Unlike others, I was pleased to find an aerial image from 1994 of the IA farm I then called home. In '99, a vertical wind storm claimed a silo and barn. However, they are highly visible in the Terraserver aerial shot. The Google maps image seems to be after the '99 storm. But, beyond sentiment and the neato latitude and longitude feature, I do not think the aerial would be too useful in ArcView. Maybe the topography would be useful in some applications. The scale provided in Terraserver is helpful and accurate--I compared the 100M scale to the track when looking at the aerial of the school I work at.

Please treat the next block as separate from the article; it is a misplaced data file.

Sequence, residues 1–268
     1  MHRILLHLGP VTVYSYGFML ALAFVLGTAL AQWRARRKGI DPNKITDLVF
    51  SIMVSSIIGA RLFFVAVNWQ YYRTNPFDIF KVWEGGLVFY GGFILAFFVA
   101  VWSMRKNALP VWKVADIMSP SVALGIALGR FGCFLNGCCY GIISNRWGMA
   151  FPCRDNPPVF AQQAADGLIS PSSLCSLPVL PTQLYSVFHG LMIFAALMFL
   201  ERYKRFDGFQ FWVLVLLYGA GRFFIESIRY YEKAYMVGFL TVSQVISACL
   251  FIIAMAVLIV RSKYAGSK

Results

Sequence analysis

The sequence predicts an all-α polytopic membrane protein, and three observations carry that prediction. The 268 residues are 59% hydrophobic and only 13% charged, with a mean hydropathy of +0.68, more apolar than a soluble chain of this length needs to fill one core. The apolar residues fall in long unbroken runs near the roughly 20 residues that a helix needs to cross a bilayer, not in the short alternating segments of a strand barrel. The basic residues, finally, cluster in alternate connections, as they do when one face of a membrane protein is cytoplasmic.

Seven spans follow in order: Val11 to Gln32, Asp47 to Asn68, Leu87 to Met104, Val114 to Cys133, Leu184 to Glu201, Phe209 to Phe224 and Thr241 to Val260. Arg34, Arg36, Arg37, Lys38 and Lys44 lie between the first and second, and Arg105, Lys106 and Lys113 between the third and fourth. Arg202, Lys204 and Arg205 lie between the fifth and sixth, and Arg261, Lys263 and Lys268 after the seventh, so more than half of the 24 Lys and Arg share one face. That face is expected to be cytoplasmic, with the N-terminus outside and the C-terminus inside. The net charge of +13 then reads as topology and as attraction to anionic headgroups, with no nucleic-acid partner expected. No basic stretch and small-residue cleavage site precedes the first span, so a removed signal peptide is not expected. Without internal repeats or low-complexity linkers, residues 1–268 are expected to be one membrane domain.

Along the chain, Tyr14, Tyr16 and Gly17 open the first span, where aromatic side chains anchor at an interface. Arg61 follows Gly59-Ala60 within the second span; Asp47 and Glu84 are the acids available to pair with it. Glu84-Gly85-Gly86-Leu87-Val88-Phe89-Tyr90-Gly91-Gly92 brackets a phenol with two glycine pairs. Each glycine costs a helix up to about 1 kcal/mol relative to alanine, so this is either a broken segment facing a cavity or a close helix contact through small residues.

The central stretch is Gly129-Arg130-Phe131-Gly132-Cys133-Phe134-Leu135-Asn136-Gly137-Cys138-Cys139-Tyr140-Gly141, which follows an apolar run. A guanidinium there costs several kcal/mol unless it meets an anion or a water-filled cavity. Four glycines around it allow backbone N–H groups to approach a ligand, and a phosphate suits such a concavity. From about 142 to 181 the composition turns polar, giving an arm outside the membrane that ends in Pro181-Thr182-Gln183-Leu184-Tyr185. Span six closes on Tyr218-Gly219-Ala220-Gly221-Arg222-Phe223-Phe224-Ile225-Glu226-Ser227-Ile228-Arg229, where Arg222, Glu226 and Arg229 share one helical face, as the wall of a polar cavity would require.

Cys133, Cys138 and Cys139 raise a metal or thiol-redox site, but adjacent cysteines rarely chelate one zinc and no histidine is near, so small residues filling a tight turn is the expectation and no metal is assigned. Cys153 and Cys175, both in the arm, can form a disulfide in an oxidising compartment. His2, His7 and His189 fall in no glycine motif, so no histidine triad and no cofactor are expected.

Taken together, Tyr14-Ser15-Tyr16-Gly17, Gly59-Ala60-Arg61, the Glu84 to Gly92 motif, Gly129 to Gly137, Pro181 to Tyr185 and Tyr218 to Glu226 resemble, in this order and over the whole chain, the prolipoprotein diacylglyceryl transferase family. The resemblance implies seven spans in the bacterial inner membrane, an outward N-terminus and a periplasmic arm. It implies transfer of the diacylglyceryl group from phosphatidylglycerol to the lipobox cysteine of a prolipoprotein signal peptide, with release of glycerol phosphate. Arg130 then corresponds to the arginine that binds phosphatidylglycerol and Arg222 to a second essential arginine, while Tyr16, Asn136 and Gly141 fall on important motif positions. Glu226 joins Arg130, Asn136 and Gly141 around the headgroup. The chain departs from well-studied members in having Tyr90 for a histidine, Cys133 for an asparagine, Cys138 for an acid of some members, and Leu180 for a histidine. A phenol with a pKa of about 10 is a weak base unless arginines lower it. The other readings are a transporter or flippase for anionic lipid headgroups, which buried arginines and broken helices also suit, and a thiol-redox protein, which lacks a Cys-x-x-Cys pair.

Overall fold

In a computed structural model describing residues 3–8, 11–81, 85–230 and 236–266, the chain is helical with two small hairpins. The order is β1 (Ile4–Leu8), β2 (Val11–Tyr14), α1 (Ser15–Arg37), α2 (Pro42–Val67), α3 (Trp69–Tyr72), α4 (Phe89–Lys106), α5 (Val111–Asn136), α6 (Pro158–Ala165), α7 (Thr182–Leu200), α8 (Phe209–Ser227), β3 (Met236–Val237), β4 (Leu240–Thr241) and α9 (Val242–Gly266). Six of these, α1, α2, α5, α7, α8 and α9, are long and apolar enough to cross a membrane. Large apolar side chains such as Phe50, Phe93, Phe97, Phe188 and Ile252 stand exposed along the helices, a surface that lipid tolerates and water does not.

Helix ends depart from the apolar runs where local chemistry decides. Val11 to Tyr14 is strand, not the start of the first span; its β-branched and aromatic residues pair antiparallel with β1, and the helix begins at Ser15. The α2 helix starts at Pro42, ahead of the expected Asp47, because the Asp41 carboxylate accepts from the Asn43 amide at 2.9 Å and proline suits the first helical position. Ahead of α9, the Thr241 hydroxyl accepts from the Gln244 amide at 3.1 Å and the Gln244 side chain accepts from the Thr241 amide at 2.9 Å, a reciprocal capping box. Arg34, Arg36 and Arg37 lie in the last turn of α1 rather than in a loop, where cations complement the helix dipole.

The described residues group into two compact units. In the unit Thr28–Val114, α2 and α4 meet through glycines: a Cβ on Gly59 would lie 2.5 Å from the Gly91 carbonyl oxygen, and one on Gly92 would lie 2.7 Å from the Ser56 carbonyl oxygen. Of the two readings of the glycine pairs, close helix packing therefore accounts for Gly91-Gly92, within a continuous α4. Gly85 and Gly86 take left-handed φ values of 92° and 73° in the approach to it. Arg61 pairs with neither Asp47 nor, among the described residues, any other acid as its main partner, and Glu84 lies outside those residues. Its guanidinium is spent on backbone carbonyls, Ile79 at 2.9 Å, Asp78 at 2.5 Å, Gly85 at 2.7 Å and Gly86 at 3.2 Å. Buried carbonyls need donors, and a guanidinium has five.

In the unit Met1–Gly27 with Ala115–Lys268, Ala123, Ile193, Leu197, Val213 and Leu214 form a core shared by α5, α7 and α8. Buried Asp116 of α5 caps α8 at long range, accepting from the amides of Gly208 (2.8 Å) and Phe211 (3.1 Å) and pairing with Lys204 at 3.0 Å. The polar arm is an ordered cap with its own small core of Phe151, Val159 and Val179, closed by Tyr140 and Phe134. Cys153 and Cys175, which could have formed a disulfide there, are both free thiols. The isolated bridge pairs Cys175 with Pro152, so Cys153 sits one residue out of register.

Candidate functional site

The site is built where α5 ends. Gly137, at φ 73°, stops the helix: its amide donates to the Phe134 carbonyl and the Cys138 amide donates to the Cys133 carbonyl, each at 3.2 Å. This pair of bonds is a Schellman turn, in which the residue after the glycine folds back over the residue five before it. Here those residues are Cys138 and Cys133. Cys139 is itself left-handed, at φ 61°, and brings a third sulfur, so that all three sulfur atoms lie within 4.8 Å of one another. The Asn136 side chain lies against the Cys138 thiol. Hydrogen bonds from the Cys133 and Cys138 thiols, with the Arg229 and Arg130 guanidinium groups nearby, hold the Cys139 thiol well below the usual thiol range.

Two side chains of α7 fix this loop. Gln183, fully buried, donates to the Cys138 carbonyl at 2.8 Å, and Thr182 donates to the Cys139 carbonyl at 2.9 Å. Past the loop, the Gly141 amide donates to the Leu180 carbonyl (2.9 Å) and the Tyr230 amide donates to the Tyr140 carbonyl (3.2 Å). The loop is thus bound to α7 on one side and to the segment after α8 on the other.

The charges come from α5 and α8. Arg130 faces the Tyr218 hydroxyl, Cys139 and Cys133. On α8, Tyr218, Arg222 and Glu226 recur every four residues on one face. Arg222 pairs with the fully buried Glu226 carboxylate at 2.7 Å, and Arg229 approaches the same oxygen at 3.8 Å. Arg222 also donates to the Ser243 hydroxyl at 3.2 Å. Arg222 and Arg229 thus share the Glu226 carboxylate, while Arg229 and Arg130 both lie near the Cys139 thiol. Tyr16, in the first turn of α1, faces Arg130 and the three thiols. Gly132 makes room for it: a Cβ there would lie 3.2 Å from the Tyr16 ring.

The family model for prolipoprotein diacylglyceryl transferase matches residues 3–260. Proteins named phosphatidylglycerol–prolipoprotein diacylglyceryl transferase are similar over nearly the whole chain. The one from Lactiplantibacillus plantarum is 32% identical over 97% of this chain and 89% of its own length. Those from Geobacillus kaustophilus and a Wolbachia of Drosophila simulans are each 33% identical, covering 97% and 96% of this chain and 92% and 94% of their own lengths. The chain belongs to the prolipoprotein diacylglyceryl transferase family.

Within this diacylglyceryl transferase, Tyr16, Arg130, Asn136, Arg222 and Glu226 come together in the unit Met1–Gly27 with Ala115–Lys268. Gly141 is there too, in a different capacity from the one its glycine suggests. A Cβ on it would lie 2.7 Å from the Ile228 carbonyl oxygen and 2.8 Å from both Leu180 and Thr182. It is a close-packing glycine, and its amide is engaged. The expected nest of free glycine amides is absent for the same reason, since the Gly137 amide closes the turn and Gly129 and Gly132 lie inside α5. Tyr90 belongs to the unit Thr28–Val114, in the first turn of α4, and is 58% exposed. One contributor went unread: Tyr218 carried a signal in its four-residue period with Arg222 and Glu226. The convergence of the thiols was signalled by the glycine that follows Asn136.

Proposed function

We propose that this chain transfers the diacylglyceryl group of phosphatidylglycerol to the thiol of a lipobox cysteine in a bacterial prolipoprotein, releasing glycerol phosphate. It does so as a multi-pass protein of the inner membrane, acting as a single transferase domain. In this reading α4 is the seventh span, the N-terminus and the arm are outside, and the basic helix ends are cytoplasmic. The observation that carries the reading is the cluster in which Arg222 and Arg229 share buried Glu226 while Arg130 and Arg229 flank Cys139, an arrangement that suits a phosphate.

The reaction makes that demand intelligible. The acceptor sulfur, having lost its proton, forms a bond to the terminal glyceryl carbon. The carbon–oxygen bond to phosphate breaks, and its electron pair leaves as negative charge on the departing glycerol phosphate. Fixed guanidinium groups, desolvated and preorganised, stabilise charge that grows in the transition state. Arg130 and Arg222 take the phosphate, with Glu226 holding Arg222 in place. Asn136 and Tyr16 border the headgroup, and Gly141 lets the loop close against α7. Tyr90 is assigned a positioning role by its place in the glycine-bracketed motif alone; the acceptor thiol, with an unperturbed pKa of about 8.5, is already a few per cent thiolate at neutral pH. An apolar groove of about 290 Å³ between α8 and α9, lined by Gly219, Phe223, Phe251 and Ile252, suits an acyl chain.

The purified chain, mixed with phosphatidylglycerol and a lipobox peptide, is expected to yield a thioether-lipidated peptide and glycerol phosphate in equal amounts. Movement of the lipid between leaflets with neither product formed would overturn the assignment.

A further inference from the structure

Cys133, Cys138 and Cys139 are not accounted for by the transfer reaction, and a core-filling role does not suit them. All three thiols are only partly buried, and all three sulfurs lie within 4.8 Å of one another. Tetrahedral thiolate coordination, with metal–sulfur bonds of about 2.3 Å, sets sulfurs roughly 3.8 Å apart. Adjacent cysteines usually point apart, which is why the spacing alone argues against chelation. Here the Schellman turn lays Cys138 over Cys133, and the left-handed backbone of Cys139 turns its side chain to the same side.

The thing that amazes me most about this site is the money and power behind it. To put into perspective how incredible it is to have complete topo map and aerial photo coverage for most of the USA available instantly on a web interface, think of the Robinson map library here at UW. They are going through the process of scanning the aerials and topos just for the state of Wisconsin, and it's taking lots of hard-fought grant money and lots of people hours to get it done. The work is tedious and requires multi thousand dollar scanning and computing equipment. Granted the resolution and quality of the map library's project will be higher, but Terraserver has managed to get a "quick and dirty" version for the whole country! I don't think this would be possible without the 2 powerhouses of private Microsoft and governmental USGS. Scary, admittedly, but a cool project that we expect these people to do. The urban areas have great detail, often in color, which is a great feature. I also liked the latitude/longitude information, but really liked the quantity of other info that they provide uder the info heading.Image Information:Projection ProviderResolutionSize Type